Drought, Weather Cycles, and the Historian's View

Today's Washington Post has a short, but juice-laden piece on this summer's weather and its connection (or not) to "climate change" and long-term weather cycles. It's definitely worth reading, if only because so many commentators have jumped to the easy conclusion that this summer's weather is the result of global climate change. (*1) The WaPo piece puts that conclusion-jumping into perspective. I mentioned my view on that in my previous post, but the historian in me (you know: the person who takes the Long View of the Big Picture) would like to add this:

Sure, this summer's weather has consists of broken records: new high temperatures; new streak of days without rain, and so forth.

But it's worth noting the obvious: records can be, and are, broken, right? Back in the 1930s, for example, people marveled at the abysmal stretch of heat/drought/whatever, as records were broken right and left, and they wondered about its causes.

So, too, back in, say, the 17th century: When people experienced "exceptional" weather --- lack of rain; too much rain, etc. --- they looked for causes. At that time, they typically blamed human sin and error for their misery: god was punishing them. In the 21st century, we simply have a different explanation for "unusual weather." (Which, by the way, usually means the bad stuff. No one ever bitches when, as has been the case for the past three, four years, we have spectacular weather.)

Nor does it follow that new records/broken records are necessarily indicative of anything other than "Oh, hey, we're having an unusually brutal summer of a sort not seen since the 1930s" (or whenever).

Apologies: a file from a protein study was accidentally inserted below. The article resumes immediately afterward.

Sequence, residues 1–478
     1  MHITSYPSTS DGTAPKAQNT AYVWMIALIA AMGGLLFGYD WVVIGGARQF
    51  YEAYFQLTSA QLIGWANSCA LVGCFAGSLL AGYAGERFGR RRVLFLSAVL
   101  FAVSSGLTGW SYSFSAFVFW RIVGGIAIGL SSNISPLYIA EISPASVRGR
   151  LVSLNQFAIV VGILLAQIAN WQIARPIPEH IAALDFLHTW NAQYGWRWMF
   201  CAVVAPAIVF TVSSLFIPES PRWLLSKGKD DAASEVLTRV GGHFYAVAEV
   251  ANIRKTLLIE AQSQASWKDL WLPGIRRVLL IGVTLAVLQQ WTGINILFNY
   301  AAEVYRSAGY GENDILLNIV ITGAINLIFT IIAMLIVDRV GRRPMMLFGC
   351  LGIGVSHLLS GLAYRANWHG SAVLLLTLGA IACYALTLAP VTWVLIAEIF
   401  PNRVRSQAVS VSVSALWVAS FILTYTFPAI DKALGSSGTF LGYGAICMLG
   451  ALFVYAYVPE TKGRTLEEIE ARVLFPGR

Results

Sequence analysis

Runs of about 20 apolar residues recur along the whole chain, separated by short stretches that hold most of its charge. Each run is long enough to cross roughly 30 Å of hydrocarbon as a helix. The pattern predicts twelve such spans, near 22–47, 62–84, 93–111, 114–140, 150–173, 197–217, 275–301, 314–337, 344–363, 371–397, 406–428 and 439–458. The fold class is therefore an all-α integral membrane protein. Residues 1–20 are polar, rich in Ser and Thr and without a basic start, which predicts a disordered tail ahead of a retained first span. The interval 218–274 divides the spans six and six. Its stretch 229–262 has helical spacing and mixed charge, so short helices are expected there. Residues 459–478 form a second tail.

Is climate change a factor in this summer's weather? Perhaps. Perhaps even probably. But we would do well to recognize that climate and weather operate in long-term cycles.

Indeed, at a time when everyone chatters about "nature" and the "environment," surely one way to honor both is by respecting their complexity, in this case by recognizing that many of nature's patterns are cyclical and that those cycles typically extend for periods that extend well beyond one persons lifetime. This year's awful weather may be more than just this year's awful weather or evidence of "climate change." It could be part of a long-term cyclical shift.

Embracing a deeper understanding of nature is as important as the knee-jerk conclusion that new weather records equal "climate change." Jump to a conclusion, and you may end up missing the bigger, more important story.


*1: Again: I'm not a climate-denier, or whatever term is being used these days. I've no doubt the scientists are on to something. But I'm also a long-time weather watcher with an enormous respect for nature and its forces, which are much bigger than me.